Management of Male Varicocele

Management of Male Varicocele

Bryan Grieme, Andrew Akman, Ali Albayati, Emily J. Timmreck, Emily M. Tanski and Anthony C. Venbrux


Varicocele diagnosis is primarily made by clinical presentation and physical exam. The simple grading system of Dubin and Amelar5 is most commonly used: grade 0, not palpable; grade 1, palpable only with the patient standing and performing a Valsalva maneuver; grade 2, palpable without a Valsalva maneuver; and grade 3, visible.

High-resolution real-time ultrasound and color-flow Doppler ultrasound may be used to either confirm the diagnosis or detect subclinical (nonpalpable) varicoceles. The significance of subclinical varicocele with regard to infertility is currently controversial.6-9 Doppler ultrasound may further distinguish between types of varicoceles and their blood flow characteristics.10 Because only palpable varicoceles have been documented to be associated with infertility, the Report on Varicocele and Infertility (published jointly by the Male Infertility Best Practice Committee of the American Urological Association and the Practice Committee of the American Society for Reproductive Medicine, September 2004) recommends that routine evaluation of infertile men with varicoceles include a medical and reproductive history, physical examination, and a minimum of two semen analyses, but imaging studies are only indicated if the physical exam is inconclusive.11

Spermatic venography is another imaging technique. It is generally reserved for venous mapping in preparation for transcatheter embolotherapy or surgical ligation12 (Fig. 79-1).

Varicocele is seen in about 40% of men seeking evaluation for infertility. There is some controversy regarding the causal relationship of varicocele and infertility (e.g., 85% of men with varicoceles are fertile, and reports of improvement in pregnancy rate are inconsistent2,1317). Significant evidence in the literature supports the hypothesis that varicoceles have a negative effect on the testis and fertility and that varicocele repair can reverse or prevent these effects.1,1824

In a prospective trial, Laven et al. randomized 67 young adults with varicoceles to treatment (percutaneous embolotherapy) and nontreatment groups; 21 healthy male volunteers without varicoceles served as controls. One year after treatment, left testis volumes were measured and found to be comparable to those of the control group and significantly different (larger) (P < .001) from the untreated group. Semen quality (sperm concentration) increased significantly (P < .01) in the treated group and was unchanged in the untreated and control groups.25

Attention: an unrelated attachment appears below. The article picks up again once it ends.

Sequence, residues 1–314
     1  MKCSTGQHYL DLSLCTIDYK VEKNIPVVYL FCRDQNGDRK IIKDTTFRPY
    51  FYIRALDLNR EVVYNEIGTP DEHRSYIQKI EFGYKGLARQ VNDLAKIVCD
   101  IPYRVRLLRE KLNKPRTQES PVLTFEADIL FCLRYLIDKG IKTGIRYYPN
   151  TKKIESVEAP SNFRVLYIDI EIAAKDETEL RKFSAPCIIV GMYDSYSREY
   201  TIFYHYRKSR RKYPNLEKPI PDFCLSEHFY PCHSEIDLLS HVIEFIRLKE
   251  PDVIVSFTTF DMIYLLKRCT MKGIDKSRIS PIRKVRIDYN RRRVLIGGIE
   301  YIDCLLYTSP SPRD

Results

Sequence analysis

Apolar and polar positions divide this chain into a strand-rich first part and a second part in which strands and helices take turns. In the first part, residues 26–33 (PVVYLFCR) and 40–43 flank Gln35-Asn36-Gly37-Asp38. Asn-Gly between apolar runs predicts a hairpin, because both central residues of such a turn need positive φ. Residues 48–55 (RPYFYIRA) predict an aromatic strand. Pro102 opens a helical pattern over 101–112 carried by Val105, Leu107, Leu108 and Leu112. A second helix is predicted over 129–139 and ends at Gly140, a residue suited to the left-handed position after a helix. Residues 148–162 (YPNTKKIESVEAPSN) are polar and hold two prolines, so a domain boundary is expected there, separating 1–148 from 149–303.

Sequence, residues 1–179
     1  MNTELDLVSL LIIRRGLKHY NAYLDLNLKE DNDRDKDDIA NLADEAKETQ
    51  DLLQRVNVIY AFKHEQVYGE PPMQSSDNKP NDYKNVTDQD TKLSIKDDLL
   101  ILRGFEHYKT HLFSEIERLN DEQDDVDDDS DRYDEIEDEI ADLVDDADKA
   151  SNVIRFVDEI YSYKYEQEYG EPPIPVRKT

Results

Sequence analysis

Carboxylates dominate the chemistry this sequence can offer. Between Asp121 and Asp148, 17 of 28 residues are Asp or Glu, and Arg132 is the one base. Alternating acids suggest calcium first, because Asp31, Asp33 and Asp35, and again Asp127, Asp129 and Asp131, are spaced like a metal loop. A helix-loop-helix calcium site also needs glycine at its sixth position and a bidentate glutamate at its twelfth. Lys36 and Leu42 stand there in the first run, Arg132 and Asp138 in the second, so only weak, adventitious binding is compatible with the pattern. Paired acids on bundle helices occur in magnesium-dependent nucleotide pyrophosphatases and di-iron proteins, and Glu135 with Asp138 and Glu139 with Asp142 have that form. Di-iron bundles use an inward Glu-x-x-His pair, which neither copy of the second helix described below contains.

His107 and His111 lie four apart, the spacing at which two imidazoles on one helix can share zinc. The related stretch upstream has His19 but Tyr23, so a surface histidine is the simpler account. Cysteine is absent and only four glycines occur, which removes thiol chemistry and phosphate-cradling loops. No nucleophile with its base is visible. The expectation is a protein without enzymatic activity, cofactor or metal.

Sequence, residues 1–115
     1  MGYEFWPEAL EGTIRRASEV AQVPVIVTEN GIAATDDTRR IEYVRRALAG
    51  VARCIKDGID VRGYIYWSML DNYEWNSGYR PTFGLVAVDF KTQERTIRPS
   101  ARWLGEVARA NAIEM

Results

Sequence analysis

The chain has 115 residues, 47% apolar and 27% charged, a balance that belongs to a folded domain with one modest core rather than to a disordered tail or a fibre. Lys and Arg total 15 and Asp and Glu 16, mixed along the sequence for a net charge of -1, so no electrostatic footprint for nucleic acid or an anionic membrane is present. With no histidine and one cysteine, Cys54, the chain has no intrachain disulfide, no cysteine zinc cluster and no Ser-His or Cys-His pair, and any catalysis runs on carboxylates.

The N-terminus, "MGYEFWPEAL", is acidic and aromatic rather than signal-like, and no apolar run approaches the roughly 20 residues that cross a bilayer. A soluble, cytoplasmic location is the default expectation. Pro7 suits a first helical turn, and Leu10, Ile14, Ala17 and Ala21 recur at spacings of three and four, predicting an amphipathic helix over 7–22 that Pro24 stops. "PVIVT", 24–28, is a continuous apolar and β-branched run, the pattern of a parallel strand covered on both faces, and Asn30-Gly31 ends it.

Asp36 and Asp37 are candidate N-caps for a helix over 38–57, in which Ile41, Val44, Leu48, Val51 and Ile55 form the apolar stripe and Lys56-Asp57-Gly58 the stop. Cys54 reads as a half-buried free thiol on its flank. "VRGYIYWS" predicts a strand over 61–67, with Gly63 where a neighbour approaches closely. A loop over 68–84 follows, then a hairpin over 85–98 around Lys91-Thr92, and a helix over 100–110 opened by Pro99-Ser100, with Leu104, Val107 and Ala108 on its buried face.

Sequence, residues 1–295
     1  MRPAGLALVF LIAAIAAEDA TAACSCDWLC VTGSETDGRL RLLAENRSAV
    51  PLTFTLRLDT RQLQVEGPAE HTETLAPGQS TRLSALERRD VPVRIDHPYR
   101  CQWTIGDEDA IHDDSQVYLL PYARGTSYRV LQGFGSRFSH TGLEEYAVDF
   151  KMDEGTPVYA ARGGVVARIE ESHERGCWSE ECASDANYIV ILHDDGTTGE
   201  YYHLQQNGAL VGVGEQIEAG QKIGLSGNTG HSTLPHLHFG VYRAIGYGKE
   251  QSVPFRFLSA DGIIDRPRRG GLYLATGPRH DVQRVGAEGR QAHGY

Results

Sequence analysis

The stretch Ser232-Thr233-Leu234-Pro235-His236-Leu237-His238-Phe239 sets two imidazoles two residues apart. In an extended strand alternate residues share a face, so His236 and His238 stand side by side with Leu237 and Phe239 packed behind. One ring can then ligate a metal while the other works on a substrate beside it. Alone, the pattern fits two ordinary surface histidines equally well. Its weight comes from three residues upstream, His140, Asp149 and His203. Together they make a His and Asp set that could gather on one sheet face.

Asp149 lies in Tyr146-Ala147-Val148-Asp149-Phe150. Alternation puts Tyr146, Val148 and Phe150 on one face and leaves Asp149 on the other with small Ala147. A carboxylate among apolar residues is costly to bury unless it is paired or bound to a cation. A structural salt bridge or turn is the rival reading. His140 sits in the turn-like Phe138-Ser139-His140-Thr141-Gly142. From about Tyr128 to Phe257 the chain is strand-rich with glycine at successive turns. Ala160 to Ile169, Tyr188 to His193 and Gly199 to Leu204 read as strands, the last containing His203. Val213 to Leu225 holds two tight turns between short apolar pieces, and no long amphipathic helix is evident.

The three primary indications for treatment of a varicocele are (1) subfertility or infertility in adult men, (2) varicocele and testicular atrophy in adolescent or pediatric-aged patients, and (3) pain. Recurrence of varicocele after surgical ligation is also an indication. The most common indication for treatment of a varicocele in an adult male is infertility/subfertility. Criteria for treatment in this group should include: (1) abnormal semen parameters, (2) absence of any other identifiable or correctable causes of male infertility, and (3) a female partner with normal fertility or treated infertility. Adult men with a palpable varicocele and abnormal semen analysis but who are not currently attempting to conceive should also be offered varicocele repair. Adolescents and young men with a varicocele but a normal-sized ipsilateral testicle or normal semen analysis, or both, should be offered annual follow-up monitoring.11


Anatomy and Approach

Venous blood drains from each testicle into multiple venous sinuses called the pampiniform plexus or the spermatic venous plexus. This plexus coalesces at approximately the level of the femoral head to form the internal spermatic vein (ISV), the primary draining vein. Classically, the left ISV drains into the left renal vein, and the right ISV into the inferior vena cava (IVC) anterolaterally, just caudal to the right renal vein. This classic anatomic pattern is seen on the right in 78% of patients and on the left in 79%. Variations from the classic pattern seen on the right are termination of the ISV in the renal vein in 8% and multiple veins terminating in the IVC and the renal vein in 16%. On the left, multiple veins terminating in the renal vein are seen in 20%. Rarely, one of multiple branches may terminate in the infrarenal IVC.26

Three other veins arise from within the pampiniform plexus: the external pudendal, vasal, and cremasteric veins. The external pudendal vein forms at the level of the superior pubic ramus and drains into the great saphenous vein. The vasal or ductus deferens vein forms just above the testicle, joins the inferior or superior vesicle vein, and ultimately drains into the internal iliac vein. The cremasteric (external spermatic) vein forms at the level of the superior pubic ramus and drains via the inferior epigastric vein into the external iliac vein. Based on the results of an intraoperative surgical venography study performed by Wishahi,27 venous drainage of the testes is mainly via the ISV, followed by the external pudendal, vasal, and cremasteric veins in decreasing order of significance.

The number of valves in spermatic veins is reported to vary between zero and three. The relationship of valves to the formation of a varicocele is uncertain. Absence of valves has been demonstrated in autopsy series in men without varicoceles. Furthermore, the cause-and-effect relationship is uncertain in that venous dilation may cause valves to become incompetent.

Dec 23, 2015 | Posted by in INTERVENTIONAL RADIOLOGY | Comments Off on Management of Male Varicocele
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